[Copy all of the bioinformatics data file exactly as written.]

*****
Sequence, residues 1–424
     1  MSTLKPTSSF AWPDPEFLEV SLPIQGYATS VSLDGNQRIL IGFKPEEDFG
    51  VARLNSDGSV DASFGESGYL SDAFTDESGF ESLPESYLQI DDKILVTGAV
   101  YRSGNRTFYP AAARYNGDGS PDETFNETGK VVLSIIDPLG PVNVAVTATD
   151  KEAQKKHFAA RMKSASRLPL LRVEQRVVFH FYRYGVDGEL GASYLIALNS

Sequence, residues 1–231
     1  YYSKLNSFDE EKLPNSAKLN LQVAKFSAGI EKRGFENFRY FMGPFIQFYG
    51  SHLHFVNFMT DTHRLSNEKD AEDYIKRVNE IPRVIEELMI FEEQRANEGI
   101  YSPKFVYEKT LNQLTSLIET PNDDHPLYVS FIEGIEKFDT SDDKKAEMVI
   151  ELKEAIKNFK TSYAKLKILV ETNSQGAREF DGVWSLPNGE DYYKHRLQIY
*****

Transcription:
Sequence, residues 1–424
     1  MSTLKPTSSF AWPDPEFLEV SLPIQGYATS VSLDGNQRIL IGFKPEEDFG
    51  VARLNSDGSV DASFGESGYL SDAFTDESGF ESLPESYLQI DDKILVTGAV
   101  YRSGNRTFYP AAARYNGDGS PDETFNETGK VVLSIIDPLG PVNVAVTATD
   151  KEAQKKHFAA RMKSASRLPL LRVEQRVVFH FYRYGVDGEL GASYLIALNS

Sequence, residues 1–231
     1  YYSKLNSFDE EKLPNSAKLN LQVAKFSAGI EKRGFENFRY FMGPFIQFYG
    51  SHLHFVNFMT DTHRLSNEKD AEDYIKRVNE IPRVIEELMI FEEQRANEGI
   101  YSPKFVYEKT LNQLTSLIET PNDDHPLYVS FIEGIEKFDT SDDKKAEMVI
   151  ELKEAIKNFK TSYAKLKILV ETNSQGAREF DGVWSLPNGE DYYKHRLQIY